supermedusa: "878mb...this number just stuns me. hold on to your butts Mexico."

Holy crap that's like 26 inHg!

emjaybee: "They might care if some substandard deathtrap factories or ritzy resort properties get knocked down and some American billionaire has to spend a few dollars to rebuild them."

Well good news then, some places in Texas might get a foot of rain out of this if things break just right.
posted by Mitheral at 1:37 PM on October 23, 2015


That's not good news for us. That's going to bring flash flooding. We need a little bit of rain to frequently fall. Our geology and floodplains can't deal with a lot of rain falling infrequently.
posted by spikeleemajortomdickandharryconnickjrmints at 1:51 PM on October 23, 2015 [6 favorites]


A comparison pic of Katrina and Patricia here
posted by CrazyLemonade at 1:53 PM on October 23, 2015 [4 favorites]


As far as Texas is concerned, it seems like a punctuated drought. No rain for weeks and weeks, then a deluge. The annual total rainfall number may be good, but we get much of that in a few big storms. It benefits the lake levels, but does not really benefit the crops and trees so much.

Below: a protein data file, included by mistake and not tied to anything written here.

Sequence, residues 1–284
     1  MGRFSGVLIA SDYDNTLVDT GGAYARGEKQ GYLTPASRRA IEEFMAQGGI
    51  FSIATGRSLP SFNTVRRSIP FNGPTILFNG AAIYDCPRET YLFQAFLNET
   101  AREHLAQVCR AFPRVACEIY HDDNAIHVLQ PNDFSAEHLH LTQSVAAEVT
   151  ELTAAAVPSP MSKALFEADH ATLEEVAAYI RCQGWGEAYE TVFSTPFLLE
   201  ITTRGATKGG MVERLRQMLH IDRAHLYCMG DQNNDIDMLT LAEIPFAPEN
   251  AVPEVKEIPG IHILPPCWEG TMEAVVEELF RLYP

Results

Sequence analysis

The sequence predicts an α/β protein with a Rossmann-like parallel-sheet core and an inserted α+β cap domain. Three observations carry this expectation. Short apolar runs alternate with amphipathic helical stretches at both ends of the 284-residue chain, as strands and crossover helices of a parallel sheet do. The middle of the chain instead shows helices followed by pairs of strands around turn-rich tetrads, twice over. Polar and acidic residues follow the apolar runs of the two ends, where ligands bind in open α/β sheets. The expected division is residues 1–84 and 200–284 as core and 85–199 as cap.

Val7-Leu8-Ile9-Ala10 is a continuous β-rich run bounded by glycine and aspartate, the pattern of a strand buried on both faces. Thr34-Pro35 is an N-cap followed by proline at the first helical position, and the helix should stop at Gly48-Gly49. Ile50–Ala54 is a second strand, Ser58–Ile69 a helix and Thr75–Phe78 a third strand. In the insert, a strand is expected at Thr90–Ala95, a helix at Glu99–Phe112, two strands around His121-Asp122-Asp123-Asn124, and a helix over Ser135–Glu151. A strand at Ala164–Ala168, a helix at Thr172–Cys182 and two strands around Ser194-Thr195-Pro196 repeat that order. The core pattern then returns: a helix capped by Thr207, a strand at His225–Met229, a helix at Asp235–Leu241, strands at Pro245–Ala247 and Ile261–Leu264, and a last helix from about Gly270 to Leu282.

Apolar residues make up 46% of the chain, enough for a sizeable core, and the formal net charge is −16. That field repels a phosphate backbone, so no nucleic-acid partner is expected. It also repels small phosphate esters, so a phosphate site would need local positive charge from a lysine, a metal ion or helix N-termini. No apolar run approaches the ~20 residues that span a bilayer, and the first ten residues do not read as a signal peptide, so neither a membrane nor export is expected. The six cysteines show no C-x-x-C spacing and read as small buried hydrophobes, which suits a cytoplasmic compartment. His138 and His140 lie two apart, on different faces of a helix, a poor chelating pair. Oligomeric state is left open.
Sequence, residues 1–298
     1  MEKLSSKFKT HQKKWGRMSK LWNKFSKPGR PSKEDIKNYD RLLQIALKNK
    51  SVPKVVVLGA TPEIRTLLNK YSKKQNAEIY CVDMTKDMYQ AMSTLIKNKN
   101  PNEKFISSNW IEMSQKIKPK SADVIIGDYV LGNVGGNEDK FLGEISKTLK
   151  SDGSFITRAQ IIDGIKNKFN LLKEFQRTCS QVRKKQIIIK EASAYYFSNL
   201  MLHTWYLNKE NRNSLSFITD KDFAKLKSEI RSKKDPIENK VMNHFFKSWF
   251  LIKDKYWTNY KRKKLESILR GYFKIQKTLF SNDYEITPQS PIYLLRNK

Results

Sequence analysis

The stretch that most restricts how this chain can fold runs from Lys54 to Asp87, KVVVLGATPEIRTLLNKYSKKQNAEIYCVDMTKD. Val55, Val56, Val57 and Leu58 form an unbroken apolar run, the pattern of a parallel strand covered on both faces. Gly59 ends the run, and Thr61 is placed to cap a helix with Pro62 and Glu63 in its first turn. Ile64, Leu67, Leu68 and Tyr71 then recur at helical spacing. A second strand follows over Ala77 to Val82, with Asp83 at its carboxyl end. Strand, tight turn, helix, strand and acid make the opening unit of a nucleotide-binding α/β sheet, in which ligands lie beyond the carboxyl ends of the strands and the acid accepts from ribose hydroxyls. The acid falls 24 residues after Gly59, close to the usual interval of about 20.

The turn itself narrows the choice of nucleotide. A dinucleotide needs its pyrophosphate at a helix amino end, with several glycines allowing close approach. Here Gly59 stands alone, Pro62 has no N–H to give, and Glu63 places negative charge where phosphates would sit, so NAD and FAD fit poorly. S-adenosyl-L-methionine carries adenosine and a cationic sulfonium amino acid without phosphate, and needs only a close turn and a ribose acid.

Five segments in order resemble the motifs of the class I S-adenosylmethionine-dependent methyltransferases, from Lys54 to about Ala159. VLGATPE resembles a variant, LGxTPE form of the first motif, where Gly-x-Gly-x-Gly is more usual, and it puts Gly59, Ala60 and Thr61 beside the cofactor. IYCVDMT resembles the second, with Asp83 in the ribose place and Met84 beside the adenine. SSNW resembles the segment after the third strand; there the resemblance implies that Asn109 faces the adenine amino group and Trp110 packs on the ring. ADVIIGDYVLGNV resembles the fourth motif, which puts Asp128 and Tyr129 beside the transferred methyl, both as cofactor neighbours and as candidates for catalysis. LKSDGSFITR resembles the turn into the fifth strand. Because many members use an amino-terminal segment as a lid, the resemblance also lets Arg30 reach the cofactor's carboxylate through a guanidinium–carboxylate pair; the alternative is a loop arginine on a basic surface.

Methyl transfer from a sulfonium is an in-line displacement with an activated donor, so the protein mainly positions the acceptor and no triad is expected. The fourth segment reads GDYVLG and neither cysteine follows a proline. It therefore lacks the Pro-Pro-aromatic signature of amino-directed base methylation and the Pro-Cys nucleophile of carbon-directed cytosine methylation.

posted by Midnight Skulker at 1:56 PM on October 23, 2015 [2 favorites]


So many mentions of people "riding it out"; what kind of shelter would protect you from a Cat 5? Concrete bunker? But then you have flooding. I think the death toll is going to be high. Way too many folks living in poverty with no way to get out of the way.
posted by emjaybee at 2:03 PM on October 23, 2015 [2 favorites]


ISS footage from this morning. All I can do is repeat "ho-lee-shit" like the guy on the sunfish video.
posted by notsnot at 2:12 PM on October 23, 2015 [2 favorites]


Riding it out is a stupid stupid thing to do. Specially for tourists. Last year when Odile hit Baja California, a cousin was there with her family and they stupidly let the days pass without really making any effort to flyi out. They were going to "ride it out", the hotel was being very nice about it, they said.
Well of course they survived the hurricane but then resources had to be spent on people like them who of course had a house and a car and a job back home, resources that should mostly go towards locals who now have to rebuild their lives.